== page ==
Sadly, he recently passed that way.

Right at the Cemetry onto the limestone path.
Climb towards the Knott.
Recent years on other tracks kept me from this home terrain.
New paths abound, and now I can pretend
Exploration replaces this well known trail.

Listen! A new kind of silence, 
But more than normal birdsong interrupts, and
Squirrels scamper tamely under trees,
As unaccustomed peace and sunshine’s warmth
Nurture the springtime urge.

The path is steeper, breath comes harder, 
I  push to gain some form.
But am I really going to get the chance
To explore for real again far away from home?

Sunday, 19 April 2020

How to Climb a Mountain and The Raistricks

The media is full of people inventing bizarre ways at home to combat  lockdown. I seem to have a routine that occupies most of  my day and often find myself running out of time at the end of the day to achieve my quasi OCD requirement to have my evening meal ready exactly in time to watch the Six 'o Clock News.

As soon as I realised I would not be going for long walks for a long time I decided to walk a modest local distance every day from home and also to do a ten times repetition up and down my stairs and I have now done that since 25th March.

The stairs were my own idea from the start, but I now find other outdoories have also adopted the staircase challenge and converted it into virtual ascent of their favourite mountain and I now have commenters here suggesting I do the same.

I'm not sure if I have a favourite mountain but I reckon Ladhar Bheinne by Mirror dinghy with outboard from Kinlochhourn to Barrisdale Bay and then the ascent from sea level must be the most likely qualifier, especially as the measured ascent from sea level is unequivocal.


Ladhar Bheinn - 1010 metres  = 3314 ft. rounded up

My stairs: 8ins. rise x 10 = 800 ins. = 67ft rounded up

3314/67 = 50 days rounded up.

I prefer to work in feet, I suppose because that is how I first started looking seriously at OS maps back in the 1950s, and then of course it is the basis for defining Munros.

The revelation that it would take me 50 days to do what we probably did in five or six hours has done little to allay the possible onset of Lockdown Lassitude - ah! a potential new acronym: LL.


If you are still full of optimism and planning new projects for The Resumption have look at a new book/list I  discovered:

Raistricks and Other Hills Over 1000ft. in the Yorkshire Dales by Bernard Peel.

This is a self published  monumental labour of love. Bernard is a retired civil servant and he has identified 242 hills that match his parameters as indicated by the title. The amount of work involved must have been huge with a result to be proud of. There are comprehensive tables, photographs, suggested routes and much more. Even if you do not intend to take on the challenge the book is well worth ever penny of its £10. I obtained it by emailing Bernard direct and doing a bank transfer.


Tuesday, 14 April 2020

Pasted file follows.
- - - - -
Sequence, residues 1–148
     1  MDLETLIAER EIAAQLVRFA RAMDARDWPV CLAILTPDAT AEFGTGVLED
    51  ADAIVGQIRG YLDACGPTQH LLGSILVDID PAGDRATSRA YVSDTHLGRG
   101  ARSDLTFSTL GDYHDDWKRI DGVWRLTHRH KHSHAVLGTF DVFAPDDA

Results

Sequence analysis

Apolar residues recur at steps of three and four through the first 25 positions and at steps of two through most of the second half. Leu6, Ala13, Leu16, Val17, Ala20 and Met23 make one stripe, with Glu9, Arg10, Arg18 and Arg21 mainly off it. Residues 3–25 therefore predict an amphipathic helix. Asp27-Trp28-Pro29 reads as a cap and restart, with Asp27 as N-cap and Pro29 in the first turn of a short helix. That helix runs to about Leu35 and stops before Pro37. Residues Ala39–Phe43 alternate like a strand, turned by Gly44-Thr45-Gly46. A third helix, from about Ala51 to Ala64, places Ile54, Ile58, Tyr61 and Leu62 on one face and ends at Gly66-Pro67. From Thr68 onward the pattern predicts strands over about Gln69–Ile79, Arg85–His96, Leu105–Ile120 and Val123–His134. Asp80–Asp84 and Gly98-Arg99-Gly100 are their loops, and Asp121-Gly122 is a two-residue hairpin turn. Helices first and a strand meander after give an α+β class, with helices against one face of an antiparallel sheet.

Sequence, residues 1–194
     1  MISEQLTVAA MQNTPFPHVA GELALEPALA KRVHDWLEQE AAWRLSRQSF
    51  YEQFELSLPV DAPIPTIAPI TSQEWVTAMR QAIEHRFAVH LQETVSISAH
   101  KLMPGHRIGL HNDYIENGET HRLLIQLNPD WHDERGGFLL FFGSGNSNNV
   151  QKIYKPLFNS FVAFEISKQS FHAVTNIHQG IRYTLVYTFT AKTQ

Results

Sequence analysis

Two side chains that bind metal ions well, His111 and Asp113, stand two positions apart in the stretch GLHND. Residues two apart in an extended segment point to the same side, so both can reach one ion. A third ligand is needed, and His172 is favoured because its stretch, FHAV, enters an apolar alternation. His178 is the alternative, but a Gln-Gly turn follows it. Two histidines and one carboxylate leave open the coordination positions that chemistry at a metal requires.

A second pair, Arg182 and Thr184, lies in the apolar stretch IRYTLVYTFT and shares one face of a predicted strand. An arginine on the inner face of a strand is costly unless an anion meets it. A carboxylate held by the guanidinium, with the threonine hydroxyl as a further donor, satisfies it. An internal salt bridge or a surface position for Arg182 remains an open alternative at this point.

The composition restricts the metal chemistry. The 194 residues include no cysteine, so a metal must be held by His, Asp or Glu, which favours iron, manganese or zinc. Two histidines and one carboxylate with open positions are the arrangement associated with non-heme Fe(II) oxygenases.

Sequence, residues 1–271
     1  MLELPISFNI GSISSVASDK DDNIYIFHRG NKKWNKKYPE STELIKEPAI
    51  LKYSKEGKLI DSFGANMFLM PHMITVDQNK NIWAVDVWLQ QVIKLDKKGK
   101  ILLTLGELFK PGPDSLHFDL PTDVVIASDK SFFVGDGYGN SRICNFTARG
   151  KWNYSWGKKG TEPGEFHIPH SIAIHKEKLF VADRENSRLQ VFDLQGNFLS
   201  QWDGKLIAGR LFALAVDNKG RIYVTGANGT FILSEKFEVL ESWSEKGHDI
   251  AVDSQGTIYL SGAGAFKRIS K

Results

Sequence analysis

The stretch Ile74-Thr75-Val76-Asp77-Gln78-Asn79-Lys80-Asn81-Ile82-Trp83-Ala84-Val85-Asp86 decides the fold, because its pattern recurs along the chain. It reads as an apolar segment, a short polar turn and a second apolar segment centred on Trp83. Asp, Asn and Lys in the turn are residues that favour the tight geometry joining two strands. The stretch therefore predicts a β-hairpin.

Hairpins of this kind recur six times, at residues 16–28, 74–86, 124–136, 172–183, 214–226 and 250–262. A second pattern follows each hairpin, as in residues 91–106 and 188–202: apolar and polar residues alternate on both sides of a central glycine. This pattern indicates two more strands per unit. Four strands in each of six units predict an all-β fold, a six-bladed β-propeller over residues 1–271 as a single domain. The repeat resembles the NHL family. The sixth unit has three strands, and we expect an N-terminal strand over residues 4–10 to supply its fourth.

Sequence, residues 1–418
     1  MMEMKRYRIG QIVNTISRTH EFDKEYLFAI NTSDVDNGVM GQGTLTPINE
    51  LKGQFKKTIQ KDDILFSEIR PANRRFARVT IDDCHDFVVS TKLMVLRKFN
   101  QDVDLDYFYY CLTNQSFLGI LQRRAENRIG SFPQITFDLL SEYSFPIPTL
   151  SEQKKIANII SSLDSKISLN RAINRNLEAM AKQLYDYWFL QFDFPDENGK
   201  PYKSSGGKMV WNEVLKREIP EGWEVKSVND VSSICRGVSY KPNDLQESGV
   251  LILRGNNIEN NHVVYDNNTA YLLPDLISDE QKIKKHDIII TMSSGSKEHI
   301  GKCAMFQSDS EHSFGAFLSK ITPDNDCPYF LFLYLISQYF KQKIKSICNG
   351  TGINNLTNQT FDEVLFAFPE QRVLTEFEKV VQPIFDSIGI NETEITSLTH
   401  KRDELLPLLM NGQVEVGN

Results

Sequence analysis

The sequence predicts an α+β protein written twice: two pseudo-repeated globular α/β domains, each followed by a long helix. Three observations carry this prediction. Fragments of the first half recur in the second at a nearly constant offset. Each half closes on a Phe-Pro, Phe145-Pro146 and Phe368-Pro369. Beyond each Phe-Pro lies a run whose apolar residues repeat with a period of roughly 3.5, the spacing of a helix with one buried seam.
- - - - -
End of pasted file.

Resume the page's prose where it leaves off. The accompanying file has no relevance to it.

Round the Knott, April 2020

13th April 2020 - Tour of Arnside Knott

This is another photo journey of one of the few local walks I can do from home - the idea being to give a continuous impression of the walk with a photo every few hundred yards. The photos are therefore primarily for that purpose rather than attempts to win Photographer of the Year, but I have tried as best I can.

The tour of Arnside Knott, which at 159 metres is the lowest Marilyn is a little classic. Many people who visit Arnside target this summit, not particularly because of its M status, rather for the extensive views over Morecambe Bay to the west across to Grange-over-Sands and the Lake District, and to the south to Morecambe and Heysham Power Station, and the picturesque railway viaduct across the Leven estuary to the north-east.

I have walked to Arnside cemetery and chapel from home.  We are leaving Silverdale Road opposite the chapel into Red Hills Woods. The path to the Knott branches off left where the person is walking. My previous Arnside circular carries straight on from there.

We are now on that left turn

Branching left the path climbs steeply and is a bit loose and rocky - it is a good workout from here  all the way to the Knott if you push hard

This is still steep and emergence from the trees is in sight

Another left fork to take us to double gates, again still steep

Through this gate and immediately right through another to continue climbing on a more open field

Take the upper path here and keep climbing

Up to a gate in the wall just to the right of the lefthand tree

Through the gate and turn right - then on the level

Looking back down this steep field from the gate - a splendid sledging route when we get the occasional suitable snow

A couple of hundred yards up here takes us to the bench and the view.
Today I have not visited the trig point off to the left. There is surprisingly no worthwhile view from there considering its raison d'être

This is the sort of unofficial summit where you can sit and look across to Grange-over-Sands and down to the railway viaduct to the right

Grange and Lake District hills behind

Railway viaduct. I think the trees have gown up here - it was a better view when I first came here twenty years ago

A few yards on from the bench - the lover's tree. One of those legends: two lovers, family disapprove, lovers entwine saplings to proclaim their love. I am amazed that this has survived without vandalism during my twenty years sojourn.

From now we can look south over  the bay to Morecambe. Our route takes a left just past the righthand tree to drop steeply down a narrow rocky path